How mobile app data tracks EV growth and city readiness

How mobile app data tracks EV growth and city readiness

Editor's note: To learn more about how cities are preparing for EVs through data and mobile apps, be sure to check out VERGE@Greenbuild this fall, November 12-13, in San Francisco.

U.S. cities are well on their way preparing for electric vehicles. Data collected through PlugShare, a mobile app monitoring more than of 11,000 public and private charging stations, shows Portland, Oregon with the highest density of EV charging stations at 11.2 for every 100,000 residents in the city.

Given its green credentials as a city, Portland is a likely candidate, as might be the San Francisco Bay Area, but the growth of EV charging stations is "more than a coastal thing," said Armen Petrosian, CTO with Xatori, makers of the PlugShare app. He points to unlikely destinations of Dallas, Tuscon and Nashville, all ranking within the top ten for EV city readiness.

With more than 100,000 users, PlugShare is providing critical information for cities to understand where to place EV charging networks and drive EV adoption, said Petrosian.

"Data is the key to our business model in helping drivers, station providers and cities see a current glimpse of EV adoption," said Petrosion.

Indeed, an ever-growing number of data resources are tracking how well are cities are getting EV infrastructures in place.

For example, the EV Project, a program focused on 18 US markets, has amassed more than 34 million miles of electric vehicle behavioral and charging infrastructure data.

Managed by ECOtality, the project is funded by the Department of Energy and involves a wide range of carmakers, utilities, retailers, government entities and technology providers, to gather a detailed data dump in tracking more than 4,600 vehicles and monitoring 6,200 charging stations.

But, of course, it's not just charging stations within a geographic area that determines how well cities are prepared for EVs.

The recently released EV City Casebook shows how policy, financial incentives and consumer education programs are critical in boosting demand for EVs for cities.

By highlighting global case studies from 16 cities in nine countries, the casebook, compiled by the International Energy Agency (IEA), Rocky Mountain Institute, the Clean Energy Ministerial’s Electric Vehicles Initiative, and C40 Cities, details what's required for cities to "get ready" for electric vehicles.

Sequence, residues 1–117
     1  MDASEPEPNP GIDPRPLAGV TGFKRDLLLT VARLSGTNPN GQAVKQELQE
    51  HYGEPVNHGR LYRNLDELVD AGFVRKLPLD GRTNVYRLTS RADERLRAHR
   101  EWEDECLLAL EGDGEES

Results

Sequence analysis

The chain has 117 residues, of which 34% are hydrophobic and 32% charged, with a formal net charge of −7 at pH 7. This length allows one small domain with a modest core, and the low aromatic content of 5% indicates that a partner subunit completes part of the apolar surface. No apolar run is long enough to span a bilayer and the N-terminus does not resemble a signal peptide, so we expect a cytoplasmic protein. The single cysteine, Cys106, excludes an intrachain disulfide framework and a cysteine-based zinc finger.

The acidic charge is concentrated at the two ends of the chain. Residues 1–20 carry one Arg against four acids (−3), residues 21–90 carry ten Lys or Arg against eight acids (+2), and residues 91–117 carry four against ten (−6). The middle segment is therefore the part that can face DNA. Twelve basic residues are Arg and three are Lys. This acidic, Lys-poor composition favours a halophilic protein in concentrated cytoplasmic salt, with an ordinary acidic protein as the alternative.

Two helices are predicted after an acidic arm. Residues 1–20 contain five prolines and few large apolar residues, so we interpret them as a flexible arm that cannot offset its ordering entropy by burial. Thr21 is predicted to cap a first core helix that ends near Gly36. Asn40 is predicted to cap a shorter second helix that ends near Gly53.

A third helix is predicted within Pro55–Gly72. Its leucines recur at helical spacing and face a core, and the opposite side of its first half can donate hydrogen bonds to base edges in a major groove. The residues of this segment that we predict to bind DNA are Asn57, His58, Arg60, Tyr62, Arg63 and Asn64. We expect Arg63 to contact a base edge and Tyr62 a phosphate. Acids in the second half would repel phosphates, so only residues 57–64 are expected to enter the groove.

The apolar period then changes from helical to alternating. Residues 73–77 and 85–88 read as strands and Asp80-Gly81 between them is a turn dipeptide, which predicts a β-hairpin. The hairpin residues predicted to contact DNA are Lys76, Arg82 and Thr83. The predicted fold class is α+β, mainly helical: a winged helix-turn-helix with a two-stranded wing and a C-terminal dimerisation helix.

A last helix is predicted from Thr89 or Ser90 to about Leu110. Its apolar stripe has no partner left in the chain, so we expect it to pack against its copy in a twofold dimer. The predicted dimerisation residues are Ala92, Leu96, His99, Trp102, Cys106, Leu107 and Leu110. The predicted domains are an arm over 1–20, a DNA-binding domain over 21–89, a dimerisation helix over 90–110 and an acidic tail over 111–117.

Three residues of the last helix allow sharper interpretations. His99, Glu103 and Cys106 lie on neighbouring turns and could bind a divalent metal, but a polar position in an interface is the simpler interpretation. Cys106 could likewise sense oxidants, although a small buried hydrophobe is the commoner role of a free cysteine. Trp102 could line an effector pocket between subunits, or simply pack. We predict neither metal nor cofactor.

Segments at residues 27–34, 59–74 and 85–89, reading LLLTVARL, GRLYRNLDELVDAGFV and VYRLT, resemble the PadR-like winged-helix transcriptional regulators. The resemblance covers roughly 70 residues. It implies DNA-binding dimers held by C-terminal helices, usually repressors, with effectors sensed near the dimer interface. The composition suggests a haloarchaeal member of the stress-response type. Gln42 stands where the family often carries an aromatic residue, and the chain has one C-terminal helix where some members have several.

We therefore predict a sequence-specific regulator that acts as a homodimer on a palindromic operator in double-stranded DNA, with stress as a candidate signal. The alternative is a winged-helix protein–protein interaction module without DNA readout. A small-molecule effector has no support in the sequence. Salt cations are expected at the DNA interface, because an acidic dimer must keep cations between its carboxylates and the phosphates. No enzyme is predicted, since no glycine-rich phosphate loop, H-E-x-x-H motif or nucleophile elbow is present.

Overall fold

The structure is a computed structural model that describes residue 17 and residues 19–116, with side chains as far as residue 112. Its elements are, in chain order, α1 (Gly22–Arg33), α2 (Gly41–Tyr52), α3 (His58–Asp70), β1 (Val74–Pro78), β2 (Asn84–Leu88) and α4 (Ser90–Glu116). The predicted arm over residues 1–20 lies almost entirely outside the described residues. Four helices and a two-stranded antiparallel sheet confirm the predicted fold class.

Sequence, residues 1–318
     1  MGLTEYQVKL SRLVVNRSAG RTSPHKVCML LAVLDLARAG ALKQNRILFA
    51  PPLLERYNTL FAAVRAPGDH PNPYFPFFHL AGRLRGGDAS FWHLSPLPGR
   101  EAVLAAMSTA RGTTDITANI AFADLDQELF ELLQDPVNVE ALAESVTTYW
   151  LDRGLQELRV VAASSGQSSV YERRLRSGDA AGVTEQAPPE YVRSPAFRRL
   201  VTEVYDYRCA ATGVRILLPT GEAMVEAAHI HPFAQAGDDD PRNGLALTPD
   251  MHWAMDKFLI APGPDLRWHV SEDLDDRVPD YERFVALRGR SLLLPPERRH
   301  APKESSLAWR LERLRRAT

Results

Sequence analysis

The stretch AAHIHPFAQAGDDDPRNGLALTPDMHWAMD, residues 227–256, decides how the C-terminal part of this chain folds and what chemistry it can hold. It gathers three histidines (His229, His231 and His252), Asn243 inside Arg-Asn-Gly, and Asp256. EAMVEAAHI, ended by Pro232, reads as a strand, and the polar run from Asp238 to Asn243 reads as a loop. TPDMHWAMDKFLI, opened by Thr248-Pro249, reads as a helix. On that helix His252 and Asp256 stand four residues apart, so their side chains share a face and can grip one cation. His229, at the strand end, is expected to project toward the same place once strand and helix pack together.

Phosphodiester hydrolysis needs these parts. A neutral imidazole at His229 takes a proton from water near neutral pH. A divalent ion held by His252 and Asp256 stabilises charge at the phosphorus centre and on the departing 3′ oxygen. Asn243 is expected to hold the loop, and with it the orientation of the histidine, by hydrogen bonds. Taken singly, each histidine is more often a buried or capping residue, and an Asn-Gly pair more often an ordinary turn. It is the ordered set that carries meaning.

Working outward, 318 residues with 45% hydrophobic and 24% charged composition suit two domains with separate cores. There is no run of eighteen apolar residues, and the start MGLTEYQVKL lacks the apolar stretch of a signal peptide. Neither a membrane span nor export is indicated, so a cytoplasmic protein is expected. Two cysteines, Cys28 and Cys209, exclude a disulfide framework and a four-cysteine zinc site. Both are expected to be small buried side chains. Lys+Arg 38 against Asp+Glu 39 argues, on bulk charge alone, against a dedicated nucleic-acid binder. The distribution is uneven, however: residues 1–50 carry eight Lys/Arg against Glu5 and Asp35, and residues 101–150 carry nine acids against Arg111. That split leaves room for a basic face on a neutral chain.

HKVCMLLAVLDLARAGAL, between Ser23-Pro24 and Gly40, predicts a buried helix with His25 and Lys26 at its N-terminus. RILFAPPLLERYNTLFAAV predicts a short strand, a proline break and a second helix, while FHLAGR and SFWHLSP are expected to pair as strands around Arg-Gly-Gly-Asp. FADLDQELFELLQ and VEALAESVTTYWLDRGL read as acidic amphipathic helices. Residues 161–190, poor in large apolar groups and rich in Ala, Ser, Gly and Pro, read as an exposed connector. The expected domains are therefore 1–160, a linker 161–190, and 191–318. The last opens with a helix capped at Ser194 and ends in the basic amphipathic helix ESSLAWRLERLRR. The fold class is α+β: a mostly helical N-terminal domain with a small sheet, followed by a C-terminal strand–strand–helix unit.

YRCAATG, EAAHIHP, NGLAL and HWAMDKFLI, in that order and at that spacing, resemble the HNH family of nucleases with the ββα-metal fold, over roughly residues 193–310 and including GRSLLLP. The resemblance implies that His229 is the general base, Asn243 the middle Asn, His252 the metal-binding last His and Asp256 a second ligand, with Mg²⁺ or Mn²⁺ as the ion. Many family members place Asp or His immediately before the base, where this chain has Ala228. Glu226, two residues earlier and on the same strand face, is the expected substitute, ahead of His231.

But the value in PlugShare and other mobile apps is the ability to populate databases with near real-time tracking of charging infrastructure and help give EV drivers a more comprehensive connection with their vehicles.

Recently, Xatori released a GreenCharge app to monitor battery data, charging speed and allow drivers to see how many pounds of carbon dioxide emissions they have offset by driving an electric vehicle.

While OEMs and automakers offer plenty of their own apps, Petrosian says automakers are keeping tight tabs on how electric cars and their battery packs perform without allowing true transparency into the data available within vehicles.

"There's cleary benefit to see a state of charge of their vehicle, with potential capabilities for fleet management or working with utilities," said Petrosian. "We are working with automakers to show the value in a truly connected car and create great user experience."

Indeed, user experience is important for owners from a customer standpoint, says Thilo Koslowski, VP and distinguished analyst at Gartner. But he doesn't believe mobile apps will turn "EV skeptics into believers."

Most important for EV adoption is to gain trust of the information and any "application is only as good as the quality of data," said Koslowski.

Still, the PlugShare app, launched just a year ago with 500 EV stations, is gaining traction now touting 11,000 charging stations in the database. "We knew it was going to grow," said Forrest North, Xatori Founder and CEO, "but we didn’t envision it was going to grow that fast."

It'll be interesting to see how cities are able to best evaluate EV charging demand and develop business models best suited to attract more EV drivers as the popularity grows for mobile apps.